Oh, dear neighbors, the terrible tangled webs you weave when you ask me for customer support for your new Mac. Welcome to another adventure of Kayhill Labs, the house at the end of the cul-de-sac where the neighbors come to for Mac support.
This is the story of RSS and Google Reader and the little Mac apps that want to make your web browsing life better. Yes, we love RSS at Mac360. No, we don’t have much love for Google, but their services are usually priced right.
The Choice Between Good And Evil
It’s the 21st century and RSS remains the best way for a Mac user to scan the headlines of hundreds of sites, click to view a summary, and click to view the details in all their glorious pixels.
If you’re using RSS to check on your list of web sites, then you have my blessing and support.
Google Reader is that place in cyberspace which stores all your RSS feeds so you can scan and read anytime you’re in front of a web browser.
If RSS is so cool even in Tony Bennett years, and Google Reader is so uncool in Joan River years, then what’s a die hard Mac user to do when perusing the galaxy of RSS feeds for fun and profit?
Two words: RSS readers.
Just visit the Mac App Store and search for google readers and look at your choices. From free to WTF? you’ll find a Mac app to sync up with your free Google Reader account and give you yet another reason to avoid using a web browser to peruse RSS feeds.
Reeder: By far my favorite with a price tag. Reeder is clean, neat, easy on the eyes, syncs quickly, and even works with Readability.com. Think of Reeder as the magazine that keeps itself filled up with new articles.
Cappuccino: For aficionados of free, Cappuccino is a fair choice, but suffers from icon-is-better-than-experience syndrome.
MobileRSS: Not so free is MobileRSS, which is a Google Reader that has iPhone and iPad brethren so the reader experience is somewhat similar across iDevices.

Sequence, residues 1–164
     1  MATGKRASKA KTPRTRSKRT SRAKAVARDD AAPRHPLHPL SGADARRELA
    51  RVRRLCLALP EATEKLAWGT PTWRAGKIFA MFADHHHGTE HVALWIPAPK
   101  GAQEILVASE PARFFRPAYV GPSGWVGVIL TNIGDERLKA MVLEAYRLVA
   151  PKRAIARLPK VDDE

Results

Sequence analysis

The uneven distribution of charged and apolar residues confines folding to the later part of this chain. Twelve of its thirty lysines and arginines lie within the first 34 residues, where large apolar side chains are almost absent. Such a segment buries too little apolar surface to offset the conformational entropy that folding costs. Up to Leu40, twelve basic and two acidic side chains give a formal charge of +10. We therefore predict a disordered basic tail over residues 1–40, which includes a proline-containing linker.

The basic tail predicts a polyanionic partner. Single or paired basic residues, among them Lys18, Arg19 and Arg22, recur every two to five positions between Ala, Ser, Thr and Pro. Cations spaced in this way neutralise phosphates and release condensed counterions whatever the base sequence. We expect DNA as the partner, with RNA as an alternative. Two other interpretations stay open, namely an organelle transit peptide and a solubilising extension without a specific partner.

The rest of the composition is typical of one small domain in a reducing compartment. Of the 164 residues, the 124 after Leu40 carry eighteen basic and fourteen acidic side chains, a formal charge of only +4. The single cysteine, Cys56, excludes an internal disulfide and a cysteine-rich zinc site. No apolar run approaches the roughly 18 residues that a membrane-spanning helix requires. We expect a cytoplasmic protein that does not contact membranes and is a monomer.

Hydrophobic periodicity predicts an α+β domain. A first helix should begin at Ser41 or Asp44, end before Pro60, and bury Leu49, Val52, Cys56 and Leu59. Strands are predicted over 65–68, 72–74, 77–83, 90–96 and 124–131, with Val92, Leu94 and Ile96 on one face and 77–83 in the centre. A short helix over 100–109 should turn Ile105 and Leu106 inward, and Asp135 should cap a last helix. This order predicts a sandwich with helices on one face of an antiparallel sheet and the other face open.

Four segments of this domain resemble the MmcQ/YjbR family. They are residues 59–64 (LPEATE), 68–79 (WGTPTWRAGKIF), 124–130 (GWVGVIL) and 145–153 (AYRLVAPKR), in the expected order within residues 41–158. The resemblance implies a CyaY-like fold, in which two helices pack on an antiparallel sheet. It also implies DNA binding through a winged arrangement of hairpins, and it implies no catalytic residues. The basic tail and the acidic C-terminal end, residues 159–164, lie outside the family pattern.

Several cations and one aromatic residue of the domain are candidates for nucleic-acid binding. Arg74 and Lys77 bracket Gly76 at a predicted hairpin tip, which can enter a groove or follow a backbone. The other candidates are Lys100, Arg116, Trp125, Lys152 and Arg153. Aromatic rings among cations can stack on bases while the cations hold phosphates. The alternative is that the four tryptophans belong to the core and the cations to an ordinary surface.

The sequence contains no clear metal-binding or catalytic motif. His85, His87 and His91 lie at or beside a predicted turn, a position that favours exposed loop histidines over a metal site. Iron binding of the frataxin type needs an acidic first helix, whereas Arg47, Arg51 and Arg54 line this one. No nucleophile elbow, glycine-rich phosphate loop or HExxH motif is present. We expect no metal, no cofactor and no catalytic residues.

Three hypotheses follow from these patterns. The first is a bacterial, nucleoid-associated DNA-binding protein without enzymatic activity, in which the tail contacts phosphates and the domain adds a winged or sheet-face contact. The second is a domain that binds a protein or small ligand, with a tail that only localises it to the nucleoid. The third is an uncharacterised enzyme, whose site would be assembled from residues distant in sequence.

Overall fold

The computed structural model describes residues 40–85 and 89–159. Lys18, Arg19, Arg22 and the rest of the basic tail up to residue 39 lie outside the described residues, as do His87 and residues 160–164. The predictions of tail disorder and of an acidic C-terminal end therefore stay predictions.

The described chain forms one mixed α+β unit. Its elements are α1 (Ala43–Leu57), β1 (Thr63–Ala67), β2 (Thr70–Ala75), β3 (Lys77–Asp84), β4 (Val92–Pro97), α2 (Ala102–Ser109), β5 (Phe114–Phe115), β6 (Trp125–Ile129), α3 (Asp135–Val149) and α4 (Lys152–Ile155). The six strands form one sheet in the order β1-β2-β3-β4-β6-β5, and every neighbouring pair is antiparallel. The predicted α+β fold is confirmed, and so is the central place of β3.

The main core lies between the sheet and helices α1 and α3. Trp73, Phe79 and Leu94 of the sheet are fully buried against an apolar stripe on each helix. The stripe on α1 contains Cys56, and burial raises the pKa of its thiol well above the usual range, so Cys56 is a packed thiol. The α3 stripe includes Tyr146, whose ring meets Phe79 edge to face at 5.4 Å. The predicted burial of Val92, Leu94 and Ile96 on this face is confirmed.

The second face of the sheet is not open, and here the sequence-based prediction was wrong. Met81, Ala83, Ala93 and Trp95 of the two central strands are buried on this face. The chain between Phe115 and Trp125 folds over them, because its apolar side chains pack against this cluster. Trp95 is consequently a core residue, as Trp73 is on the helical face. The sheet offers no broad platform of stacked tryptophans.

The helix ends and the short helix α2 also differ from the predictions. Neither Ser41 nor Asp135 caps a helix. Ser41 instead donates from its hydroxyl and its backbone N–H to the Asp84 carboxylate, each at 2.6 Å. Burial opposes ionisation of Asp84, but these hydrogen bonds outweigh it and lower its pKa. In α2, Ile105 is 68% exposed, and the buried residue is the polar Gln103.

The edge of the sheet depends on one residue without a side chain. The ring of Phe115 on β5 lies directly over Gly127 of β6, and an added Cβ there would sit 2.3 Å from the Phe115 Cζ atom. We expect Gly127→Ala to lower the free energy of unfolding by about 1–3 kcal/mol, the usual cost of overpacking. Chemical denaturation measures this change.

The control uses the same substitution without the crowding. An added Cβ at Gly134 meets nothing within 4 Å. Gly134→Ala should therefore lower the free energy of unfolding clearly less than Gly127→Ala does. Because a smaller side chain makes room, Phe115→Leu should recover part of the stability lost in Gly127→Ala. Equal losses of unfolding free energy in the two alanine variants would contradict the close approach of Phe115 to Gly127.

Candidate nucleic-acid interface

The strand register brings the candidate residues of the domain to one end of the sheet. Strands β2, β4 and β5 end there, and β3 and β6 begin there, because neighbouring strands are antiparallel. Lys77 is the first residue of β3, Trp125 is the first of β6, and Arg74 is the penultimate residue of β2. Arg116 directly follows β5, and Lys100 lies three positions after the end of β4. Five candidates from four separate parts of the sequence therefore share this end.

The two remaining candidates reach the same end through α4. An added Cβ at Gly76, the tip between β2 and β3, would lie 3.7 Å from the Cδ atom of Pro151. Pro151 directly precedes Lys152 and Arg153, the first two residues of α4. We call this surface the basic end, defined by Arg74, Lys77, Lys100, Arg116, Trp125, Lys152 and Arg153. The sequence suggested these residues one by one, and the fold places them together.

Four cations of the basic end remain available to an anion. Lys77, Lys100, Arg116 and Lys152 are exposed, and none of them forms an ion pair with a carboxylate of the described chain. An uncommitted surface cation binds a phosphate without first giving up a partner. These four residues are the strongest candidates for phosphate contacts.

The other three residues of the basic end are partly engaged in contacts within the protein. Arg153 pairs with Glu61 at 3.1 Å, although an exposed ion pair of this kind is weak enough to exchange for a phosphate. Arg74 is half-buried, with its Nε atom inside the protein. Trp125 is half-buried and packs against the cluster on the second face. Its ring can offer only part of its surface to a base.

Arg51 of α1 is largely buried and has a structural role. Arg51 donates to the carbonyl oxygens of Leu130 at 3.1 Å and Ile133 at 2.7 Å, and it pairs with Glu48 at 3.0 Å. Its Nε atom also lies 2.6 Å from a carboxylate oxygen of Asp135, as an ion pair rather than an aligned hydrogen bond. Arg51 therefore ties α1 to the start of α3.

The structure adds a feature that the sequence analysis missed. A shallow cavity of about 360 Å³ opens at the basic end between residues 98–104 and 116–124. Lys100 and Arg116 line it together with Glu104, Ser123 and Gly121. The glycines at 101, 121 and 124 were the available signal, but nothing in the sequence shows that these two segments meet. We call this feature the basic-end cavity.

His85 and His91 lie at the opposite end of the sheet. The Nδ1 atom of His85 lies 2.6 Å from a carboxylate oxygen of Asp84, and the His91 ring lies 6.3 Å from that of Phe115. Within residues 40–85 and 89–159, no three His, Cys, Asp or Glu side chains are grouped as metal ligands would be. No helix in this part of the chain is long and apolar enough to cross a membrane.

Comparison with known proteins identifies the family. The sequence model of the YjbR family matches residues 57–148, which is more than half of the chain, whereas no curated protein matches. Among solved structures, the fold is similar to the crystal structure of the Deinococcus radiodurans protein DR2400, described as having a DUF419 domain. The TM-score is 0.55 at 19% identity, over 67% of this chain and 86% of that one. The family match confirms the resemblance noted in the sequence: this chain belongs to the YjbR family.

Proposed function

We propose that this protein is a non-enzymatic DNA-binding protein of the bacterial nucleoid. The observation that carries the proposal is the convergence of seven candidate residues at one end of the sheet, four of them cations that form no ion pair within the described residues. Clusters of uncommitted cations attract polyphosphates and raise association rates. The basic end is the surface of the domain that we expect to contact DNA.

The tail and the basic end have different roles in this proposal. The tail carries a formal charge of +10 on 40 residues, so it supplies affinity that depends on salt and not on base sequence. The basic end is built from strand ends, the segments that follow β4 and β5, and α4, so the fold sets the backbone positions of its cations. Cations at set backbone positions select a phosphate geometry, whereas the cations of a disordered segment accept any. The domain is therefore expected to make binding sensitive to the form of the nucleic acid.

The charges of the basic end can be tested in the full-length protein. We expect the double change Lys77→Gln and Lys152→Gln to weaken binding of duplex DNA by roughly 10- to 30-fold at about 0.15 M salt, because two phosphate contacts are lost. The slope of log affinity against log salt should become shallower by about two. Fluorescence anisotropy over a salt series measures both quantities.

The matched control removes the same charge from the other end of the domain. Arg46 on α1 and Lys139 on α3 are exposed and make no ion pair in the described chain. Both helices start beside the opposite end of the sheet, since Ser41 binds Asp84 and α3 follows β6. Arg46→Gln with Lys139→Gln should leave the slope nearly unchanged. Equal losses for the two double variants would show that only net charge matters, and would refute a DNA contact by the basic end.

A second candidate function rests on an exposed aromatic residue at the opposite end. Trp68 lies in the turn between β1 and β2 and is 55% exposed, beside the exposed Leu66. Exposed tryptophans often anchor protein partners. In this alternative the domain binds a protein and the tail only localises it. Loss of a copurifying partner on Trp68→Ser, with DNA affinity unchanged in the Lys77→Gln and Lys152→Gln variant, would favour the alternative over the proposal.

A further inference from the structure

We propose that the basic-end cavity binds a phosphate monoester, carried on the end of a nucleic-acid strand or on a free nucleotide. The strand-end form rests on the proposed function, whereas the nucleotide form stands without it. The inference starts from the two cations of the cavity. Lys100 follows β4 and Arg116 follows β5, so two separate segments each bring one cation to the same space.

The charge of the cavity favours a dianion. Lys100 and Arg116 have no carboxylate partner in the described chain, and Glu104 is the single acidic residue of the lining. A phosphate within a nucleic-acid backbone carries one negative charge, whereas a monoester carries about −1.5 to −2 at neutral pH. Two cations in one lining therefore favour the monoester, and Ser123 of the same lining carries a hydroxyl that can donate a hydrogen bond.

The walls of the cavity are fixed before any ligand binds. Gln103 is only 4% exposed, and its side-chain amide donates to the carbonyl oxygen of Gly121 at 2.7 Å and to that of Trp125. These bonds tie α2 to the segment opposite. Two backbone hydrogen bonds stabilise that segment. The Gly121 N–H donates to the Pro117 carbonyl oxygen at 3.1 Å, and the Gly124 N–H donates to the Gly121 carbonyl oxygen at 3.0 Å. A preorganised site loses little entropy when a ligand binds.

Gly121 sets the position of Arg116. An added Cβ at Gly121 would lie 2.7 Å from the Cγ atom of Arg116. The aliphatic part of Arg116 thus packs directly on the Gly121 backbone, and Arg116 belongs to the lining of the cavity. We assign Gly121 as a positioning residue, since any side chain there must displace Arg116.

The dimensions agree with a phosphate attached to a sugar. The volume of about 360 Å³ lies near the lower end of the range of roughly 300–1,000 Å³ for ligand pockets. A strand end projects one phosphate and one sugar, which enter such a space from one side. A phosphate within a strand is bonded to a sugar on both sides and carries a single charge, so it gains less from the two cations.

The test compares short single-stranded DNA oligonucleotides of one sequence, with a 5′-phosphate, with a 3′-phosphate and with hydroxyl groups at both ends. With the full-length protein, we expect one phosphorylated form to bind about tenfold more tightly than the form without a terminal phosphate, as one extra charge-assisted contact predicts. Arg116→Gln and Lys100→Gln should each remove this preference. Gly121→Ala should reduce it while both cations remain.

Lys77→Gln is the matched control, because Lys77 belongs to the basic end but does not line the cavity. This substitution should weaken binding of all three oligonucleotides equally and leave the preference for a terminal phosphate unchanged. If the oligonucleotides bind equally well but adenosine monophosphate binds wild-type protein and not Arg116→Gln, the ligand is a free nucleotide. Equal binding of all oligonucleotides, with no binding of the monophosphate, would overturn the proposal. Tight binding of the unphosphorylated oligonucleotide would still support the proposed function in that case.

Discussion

Notice the difference with Reeder. MobileRSS has a more graphic interface which also requires more physical interaction to find the feeds you want.
Caffeinated: Following in the footsteps of Reeder and Cappuccino is Caffeinated, which does the typical RSS routine: Subscriptions on the left, headline and summary in the middle column, all the gory details in the right side of the app.
FeedBoard: Dirt cheap and just as ugly is FeedBoard. With an interface inspired by Microsoft DOS circa 1986, FeedBoard’s dubious distinction is the ability to zoom into and from each RSS item. Zoom away!
MiniReader: A few bucks will get you MiniReader for Google Reader. The claim to fame here is the Menubar’s pop down menu of your RSS feeds from Google. They’re thinking different, that’s for sure (as in, not many features, but a handier interface).
Tab for Google Reader does something similar. It’s in the Menubar. Click to read the feeds.
RSS Ticker is a standalone Mac app for Google Reader. The article viewer is built-in, but usability suffers in comparison to the more expensive readers.
If I had to pick, and I get to because it’s my show today, and I tend to follow the stars (Reeder gets more stars), I’d go with Reeder.
In fact, Reeder is a delight to use. Clean and elegant even (if anything that actually touches Google can remain clean). There’s also an iPad and iPhone version you’ll like, especially if you have more money to spend.